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# Music critic: Fewer and fewer musicians are studying classical music,

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Re: Music critic: Fewer and fewer musicians are studying classical music, [#permalink]
AbdurRakib wrote:
The Official Guide for GMAT Verbal Review 2018
Practice Question
Critical Reasoning
Question no. 187

Music critic: Fewer and fewer musicians are studying classical music, decreasing the likelihood that those with real aptitude for such music will be performing it. Audiences who hear these performances will not appreciate classical music’s greatness and will thus decamp to other genres. So to maintain classical music’s current meager popularity, we must encourage more young musicians to enter the field.

Which of the following, if true, most weakens the music critic’s reasoning?
A. Musicians who choose to study classical music do so because they believe they have an aptitude for the music.
B. Classical music’s current meager popularity is attributable to the profusion of other genres of music available to listeners.
C. Most people who appreciate classical music come to do so through old recordings rather than live performances.
D. It is possible to enjoy the music in a particular genre even when it is performed by musicians who are not ideally suited for that genre.
E. The continued popularity of a given genre of music depends in part on the audiences being able to understand why that genre attained its original popularity.

I was torn between Option E and C and finally chose E ...But OA says C..
What is wrong with E ?
Can someone explain ...
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Re: Music critic: Fewer and fewer musicians are studying classical music, [#permalink]
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Its C... since we need to weaken the argument and in order to do so, we need to show alternate way of maintaining the popularity of old music...C gives that alternate reason since people can listen to recordings and still maintain its popularity.

whereas E shows popularity depends on audiences too...for that live performances has to happen and for same young musicians need to learn that genre of music...its more of a strengthener i feel.

Pls let me know if the reasoning is correct and if you like my explanation, help me with Kudos

Music critic: Fewer and fewer musicians are studying classical music, decreasing the likelihood that those with real aptitude for such music will be performing it. Audiences who hear these performances will not appreciate classical music’s greatness and will thus decamp to other genres. So to maintain classical music’s current meager popularity, we must encourage more young musicians to enter the field.

Which of the following, if true, most weakens the music critic’s reasoning?
A. Musicians who choose to study classical music do so because they believe they have an aptitude for the music.
B. Classical music’s current meager popularity is attributable to the profusion of other genres of music available to listeners.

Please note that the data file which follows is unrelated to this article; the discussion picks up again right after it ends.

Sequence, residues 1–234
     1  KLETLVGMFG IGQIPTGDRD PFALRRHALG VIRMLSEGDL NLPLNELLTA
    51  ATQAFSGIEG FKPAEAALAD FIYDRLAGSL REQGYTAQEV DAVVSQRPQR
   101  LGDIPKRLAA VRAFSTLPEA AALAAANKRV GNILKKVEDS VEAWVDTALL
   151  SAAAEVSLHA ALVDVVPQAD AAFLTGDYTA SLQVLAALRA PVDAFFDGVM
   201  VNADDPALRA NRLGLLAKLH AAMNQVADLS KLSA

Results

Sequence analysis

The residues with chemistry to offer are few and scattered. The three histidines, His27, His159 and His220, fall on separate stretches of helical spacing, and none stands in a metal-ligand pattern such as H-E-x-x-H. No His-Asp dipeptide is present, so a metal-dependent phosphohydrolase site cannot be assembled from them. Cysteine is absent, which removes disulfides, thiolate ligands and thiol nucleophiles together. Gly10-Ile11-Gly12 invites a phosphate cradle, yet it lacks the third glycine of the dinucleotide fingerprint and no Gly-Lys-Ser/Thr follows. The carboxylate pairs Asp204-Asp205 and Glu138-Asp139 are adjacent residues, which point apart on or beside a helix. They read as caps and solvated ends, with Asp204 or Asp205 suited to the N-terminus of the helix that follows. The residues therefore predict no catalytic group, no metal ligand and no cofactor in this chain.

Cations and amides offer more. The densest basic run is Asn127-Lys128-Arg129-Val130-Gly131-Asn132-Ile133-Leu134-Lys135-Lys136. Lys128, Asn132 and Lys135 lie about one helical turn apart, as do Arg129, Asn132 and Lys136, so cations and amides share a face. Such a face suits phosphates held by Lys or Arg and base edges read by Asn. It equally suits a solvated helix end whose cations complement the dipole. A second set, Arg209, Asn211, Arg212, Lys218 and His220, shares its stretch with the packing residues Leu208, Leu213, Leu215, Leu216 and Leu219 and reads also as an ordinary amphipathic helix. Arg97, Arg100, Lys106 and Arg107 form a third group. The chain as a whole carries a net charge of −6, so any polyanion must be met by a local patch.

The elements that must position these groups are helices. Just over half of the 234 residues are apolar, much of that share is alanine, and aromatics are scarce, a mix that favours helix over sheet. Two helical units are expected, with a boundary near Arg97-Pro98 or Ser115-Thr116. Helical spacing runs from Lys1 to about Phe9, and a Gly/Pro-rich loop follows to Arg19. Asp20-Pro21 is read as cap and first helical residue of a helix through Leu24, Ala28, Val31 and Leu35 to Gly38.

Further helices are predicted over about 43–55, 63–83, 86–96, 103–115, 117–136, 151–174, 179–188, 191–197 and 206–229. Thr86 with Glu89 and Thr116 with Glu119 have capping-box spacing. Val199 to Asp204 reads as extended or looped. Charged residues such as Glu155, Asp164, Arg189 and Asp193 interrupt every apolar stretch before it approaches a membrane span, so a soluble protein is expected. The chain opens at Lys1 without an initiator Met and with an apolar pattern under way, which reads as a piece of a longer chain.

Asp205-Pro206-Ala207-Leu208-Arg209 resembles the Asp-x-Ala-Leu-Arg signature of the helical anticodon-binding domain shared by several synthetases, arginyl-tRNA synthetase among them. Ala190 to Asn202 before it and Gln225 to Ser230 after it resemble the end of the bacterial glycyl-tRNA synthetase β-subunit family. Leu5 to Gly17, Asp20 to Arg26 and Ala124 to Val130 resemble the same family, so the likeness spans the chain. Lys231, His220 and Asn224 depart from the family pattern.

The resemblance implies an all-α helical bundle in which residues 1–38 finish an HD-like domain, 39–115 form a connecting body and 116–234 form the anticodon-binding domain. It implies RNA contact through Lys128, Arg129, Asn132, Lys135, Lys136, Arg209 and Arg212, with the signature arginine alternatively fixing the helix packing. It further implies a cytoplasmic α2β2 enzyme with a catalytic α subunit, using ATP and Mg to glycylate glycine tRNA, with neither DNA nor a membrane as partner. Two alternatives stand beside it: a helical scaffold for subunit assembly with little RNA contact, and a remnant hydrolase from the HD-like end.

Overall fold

C. Most people who appreciate classical music come to do so through old recordings rather than live performances.
D. It is possible to enjoy the music in a particular genre even when it is performed by musicians who are not ideally suited for that genre.
E. The continued popularity of a given genre of music depends in part on the audiences being able to understand why that genre attained its original popularity. - E shows popularity depends on audiences too...for that live performances has to happen and for same young musicians need to learn that genre of music...its more of a strengthener i feel.
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Re: Music critic: Fewer and fewer musicians are studying classical music, [#permalink]
@GMATNinja & @GMATNinjaTwo

Hi. I'm really confused with this question. I stuck with B&C, but I think B may be better.
Below is my reasoning.
I hope you can help me point out if I misunderstand anything, so that I can understand clearly the logic of this question and the answer choices.
The logic for this argument is:
(a)Fewer people study CM -> (b)fewer talents play & more non-talents play CM
-> (c)audience will not appreciate the music -> (d) switch to other music
Conclusion: To keep CM popular -> encourage more people to study CM
Assumption: if people switch to other music -> CM will not be popular
Which one weakens the argument?
Opt (B) Classical music???s current meager popularity is attributable to the profusion of other genres of music available to listeners.
This one says that profusion of other genres CAUSES Classical music???s current meager popularity (causal relationship).
So CM popularity is due to music genres profusion, not by the number of CM students or how those students perform. This one casts doubt on the assumption mentioned above, suggesting that since music genres profusion CAUSED CM popularity, in the future,(even if people switch to other music genres) as long as there???s a profusion of genres, CM will probably still be popular.
The conclusion is therefore weakened.

Option (C) Most people who appreciate classical music come to do so through old recordings rather than live performances.
The stimulus says (c)audience will not appreciate the music ???(d) switch to other music
This option says about people who appreciate CM, and the reasons why they do so.
So from the stimulus, if people listen to performances by not-gifted musicians, they will not appreciate CM; which means that if people appreciate CM, they don???t listen to performances by not-gifted musicians.